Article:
Dry Needling: Another Tool in a Physical Therapist’s Toolbox

Dry needling can be an effective compliment to physical therapy intervention.

image of physiotherapist peforming dry needling

 

While the term “dry needling” may sound like a bizarre interrogation tool, it is actually a highly effective physical therapy technique for patients with many common musculoskeletal conditions. With dry needling, a thin monofilament needle is used to penetrate the skin and treat underlying muscular trigger points for the management of neuromusculoskeletal pain and movement impairments.

 

We spoke with Gary Kearns, PT, ScD, assistant professor in the Doctor of Physical Therapy program in the School of Health Professions, about how dry needling works for patients, the training that goes into learning the technique, and some common misconceptions. 

 

“When I went through physical therapy school, dry needling wasn’t discussed,” Kearns says. “Historically the U.S. is slow to adopt things that are new to the physical therapy world.” 

 

While other countries have had some form of dry needling for decades, Kearns says that it has become popular in the United States in the last five to 10 years. 

 

“I’d been practicing seven to eight years when I caught wind of dry needling as part PT,” Kearns continues, “And I thought people were absolutely crazy. I didn’t think it made sense in the scope of physical therapy.” 

 

But a personal experience would soon convert Kearns’s doubt into trusting this form of treatment. 

 

“My wife was constantly asking me to work on her neck, but massage wasn’t alleviating her pain,” he explains. “A colleague did dry needling on her neck and she got a lot of relief from it, so I decided I should check it out.” 

 

How Dry Needling Compliments Physical Therapy

 

Kearns stresses that dry needling should be used as complementary treatment with a patient’s physical therapy course of action instead of a stand-alone intervention. 

 

“A soapbox frustration of mine is that younger generation physical therapists often overly focus on learning techniques, instead of learning to identify who is most appropriate for the technique” Kearns says. 

 

According to Kearns, the key to the success of dry needling is in identifying the patients for whom it will be the most beneficial. 

 

He believes physical therapists should try to get their patients better first without the needle, which will in turn improve their skills at identifying those who do need the needle. The more chronic the patient’s pain, the more powerful an impact dry needling will have.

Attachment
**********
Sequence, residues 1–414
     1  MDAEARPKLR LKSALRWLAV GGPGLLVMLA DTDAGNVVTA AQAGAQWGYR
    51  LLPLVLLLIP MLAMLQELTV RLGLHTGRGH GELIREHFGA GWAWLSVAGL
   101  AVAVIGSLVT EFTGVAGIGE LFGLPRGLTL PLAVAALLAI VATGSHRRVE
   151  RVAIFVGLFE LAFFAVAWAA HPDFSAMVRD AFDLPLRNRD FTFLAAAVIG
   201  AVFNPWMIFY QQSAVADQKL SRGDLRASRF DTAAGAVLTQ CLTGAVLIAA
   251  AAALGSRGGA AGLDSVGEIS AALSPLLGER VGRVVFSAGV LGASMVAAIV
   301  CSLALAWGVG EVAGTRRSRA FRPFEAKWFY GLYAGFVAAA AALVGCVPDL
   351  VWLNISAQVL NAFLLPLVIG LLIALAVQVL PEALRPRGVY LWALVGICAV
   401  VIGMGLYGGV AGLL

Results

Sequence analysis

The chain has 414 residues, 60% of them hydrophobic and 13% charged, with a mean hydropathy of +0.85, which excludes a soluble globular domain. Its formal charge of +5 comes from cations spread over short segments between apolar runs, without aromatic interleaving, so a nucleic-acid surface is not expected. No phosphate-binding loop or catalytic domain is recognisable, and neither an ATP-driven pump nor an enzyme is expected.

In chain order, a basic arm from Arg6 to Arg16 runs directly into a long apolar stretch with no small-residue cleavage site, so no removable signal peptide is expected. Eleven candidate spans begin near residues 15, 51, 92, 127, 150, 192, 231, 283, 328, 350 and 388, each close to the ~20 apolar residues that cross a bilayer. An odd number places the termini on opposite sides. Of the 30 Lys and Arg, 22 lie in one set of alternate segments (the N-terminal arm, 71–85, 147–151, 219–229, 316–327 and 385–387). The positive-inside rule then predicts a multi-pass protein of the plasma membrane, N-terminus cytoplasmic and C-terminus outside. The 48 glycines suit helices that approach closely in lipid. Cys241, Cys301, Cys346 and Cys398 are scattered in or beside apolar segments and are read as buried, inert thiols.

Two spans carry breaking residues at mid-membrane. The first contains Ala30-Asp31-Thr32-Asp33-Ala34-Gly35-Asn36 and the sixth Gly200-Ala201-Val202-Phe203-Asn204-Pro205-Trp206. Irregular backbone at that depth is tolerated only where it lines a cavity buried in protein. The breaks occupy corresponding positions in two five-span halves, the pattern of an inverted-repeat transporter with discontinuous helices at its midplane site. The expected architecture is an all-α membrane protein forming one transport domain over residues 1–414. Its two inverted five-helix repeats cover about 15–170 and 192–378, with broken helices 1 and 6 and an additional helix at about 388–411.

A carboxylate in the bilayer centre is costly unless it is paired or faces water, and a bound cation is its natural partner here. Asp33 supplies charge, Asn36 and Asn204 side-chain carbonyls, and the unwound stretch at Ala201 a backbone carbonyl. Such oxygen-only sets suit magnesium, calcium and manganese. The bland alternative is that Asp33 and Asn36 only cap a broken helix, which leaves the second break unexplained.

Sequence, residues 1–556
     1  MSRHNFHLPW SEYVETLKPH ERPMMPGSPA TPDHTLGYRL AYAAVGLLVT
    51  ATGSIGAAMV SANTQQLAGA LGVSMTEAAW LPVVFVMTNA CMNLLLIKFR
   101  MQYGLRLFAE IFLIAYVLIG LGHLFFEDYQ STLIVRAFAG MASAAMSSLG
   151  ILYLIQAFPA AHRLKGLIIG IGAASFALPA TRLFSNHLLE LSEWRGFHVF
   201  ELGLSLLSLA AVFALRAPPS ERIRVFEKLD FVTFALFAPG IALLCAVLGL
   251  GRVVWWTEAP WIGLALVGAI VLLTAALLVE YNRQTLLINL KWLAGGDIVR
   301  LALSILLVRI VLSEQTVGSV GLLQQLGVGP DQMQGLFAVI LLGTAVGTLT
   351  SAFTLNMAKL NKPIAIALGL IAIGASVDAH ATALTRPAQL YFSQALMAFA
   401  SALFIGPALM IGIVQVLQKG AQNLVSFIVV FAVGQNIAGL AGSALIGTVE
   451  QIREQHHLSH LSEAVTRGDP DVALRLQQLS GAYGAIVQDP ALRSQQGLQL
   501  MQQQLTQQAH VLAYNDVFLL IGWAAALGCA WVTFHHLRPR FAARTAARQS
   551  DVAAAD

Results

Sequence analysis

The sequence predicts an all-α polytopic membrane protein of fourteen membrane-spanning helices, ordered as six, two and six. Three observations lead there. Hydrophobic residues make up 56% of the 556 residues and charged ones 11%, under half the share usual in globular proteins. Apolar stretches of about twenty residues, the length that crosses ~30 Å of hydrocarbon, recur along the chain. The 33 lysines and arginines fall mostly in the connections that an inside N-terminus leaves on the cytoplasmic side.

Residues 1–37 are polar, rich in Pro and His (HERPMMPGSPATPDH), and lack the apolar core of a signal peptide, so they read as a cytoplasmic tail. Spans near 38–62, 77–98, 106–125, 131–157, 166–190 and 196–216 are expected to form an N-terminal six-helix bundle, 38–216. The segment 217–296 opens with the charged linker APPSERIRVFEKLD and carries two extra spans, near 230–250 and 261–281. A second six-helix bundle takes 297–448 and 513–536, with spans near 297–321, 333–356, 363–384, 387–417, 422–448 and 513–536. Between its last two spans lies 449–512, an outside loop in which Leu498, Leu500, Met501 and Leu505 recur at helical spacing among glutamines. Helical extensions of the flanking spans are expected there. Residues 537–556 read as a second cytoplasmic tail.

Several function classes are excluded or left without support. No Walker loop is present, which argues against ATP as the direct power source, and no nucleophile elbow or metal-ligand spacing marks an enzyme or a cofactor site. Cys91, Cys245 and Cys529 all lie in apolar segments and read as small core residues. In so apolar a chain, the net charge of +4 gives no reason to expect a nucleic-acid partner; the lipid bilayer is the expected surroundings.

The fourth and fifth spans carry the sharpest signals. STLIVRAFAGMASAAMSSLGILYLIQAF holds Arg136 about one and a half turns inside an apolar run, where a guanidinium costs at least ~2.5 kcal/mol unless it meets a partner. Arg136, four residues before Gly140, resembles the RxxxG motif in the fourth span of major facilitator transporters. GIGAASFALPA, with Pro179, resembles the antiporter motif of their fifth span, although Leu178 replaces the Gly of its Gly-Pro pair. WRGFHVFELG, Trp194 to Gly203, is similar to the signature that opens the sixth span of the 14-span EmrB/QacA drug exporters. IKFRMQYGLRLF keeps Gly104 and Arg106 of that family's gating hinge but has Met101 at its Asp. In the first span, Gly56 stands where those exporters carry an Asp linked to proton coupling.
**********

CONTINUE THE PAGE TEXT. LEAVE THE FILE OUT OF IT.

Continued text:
“Certain muscles are too deep for us to touch with our fingers,” he explains. “Needles add a level of specificity you can’t get with other soft tissue techniques.” 

 

“Certain muscles are too deep for us to touch with our fingers,” he explains. “Needles add a level of specificity you can’t get with other soft tissue techniques.” 

 

Misconceptions About Dry Needling

 

Most people hear about dry needling and think, “This sounds a lot like acupuncture.” Kearns explains that there are a lot of similarities between the two practices but it boils down to semantics and philosophy.

 

“There’s a lot of overlap,” he says, “but the Western medical physicians that identified trigger points and began treating them successfully with dry needling can be viewed as independent, secondary validation of what acupuncture has been doing for centuries.”

 

A common concern is that dry needling is painful. Kearns says that this depends on the severity of the patient’s current pain and suggests that therapists should always try getting a patient’s pain down before beginning dry needling. 

 

“Manipulation of the needle once in the muscle can be a bit uncomfortable,” he says. 

 

As the needle is twisted or moved up and down, the physical therapist is looking for a local twitch response, similar to a doctor checking your reflexes. Kearns says that people with a twitch response tend to have longer lasting pain relief. 

 

As the needle is twisted or moved up and down, the physical therapist is looking for a local twitch response, similar to a doctor checking your reflexes. Kearns says that people with a twitch response tend to have longer lasting pain relief. 

 

Another misconception is that dry needling can cause nerve damage. Kearns explains that the biggest risk is a small amount of soreness and bruising. 

 

“Physical therapists need to know their anatomy and know where nerves course so they can be avoided,” he says. 

 

Some say that dry needling is better than massage, but Kearns is quick to say this is only true on a case by case basis. 

 

“One former patient who had been in the military liked dry needling because “it’s like the sniper of soft tissue”,” Kearns says. 

 

“You can be very specific, very detailed and get to just the spot you want to relieve pain.” Sometimes, patients can have an area of muscle or skin that doesn’t move well, so using your hands to improve soft-tissue mobility is more effective. But, often, a physical therapist will be using both massage and dry needling as treatment.

 

How Do I Learn the Technique of Dry Needling?

 

Dry needling requires formal training and licensing, often accomplished through weekend and continuing education courses. Kearns says that most courses are two- to three-day weekend classes and that you can receive the training in a weekend and have it integrated into your practice very quickly. The requirements to perform dry needling vary from state to state.  The practice act in Texas is very open and only requires that you receive formal training.

 

He emphasizes to patients and physical therapy students the need for a thorough assessment to determine if dry needling is the right approach. It can be great for the right person, but existing conditions need to be vetted before applying this therapy.

 

 

 

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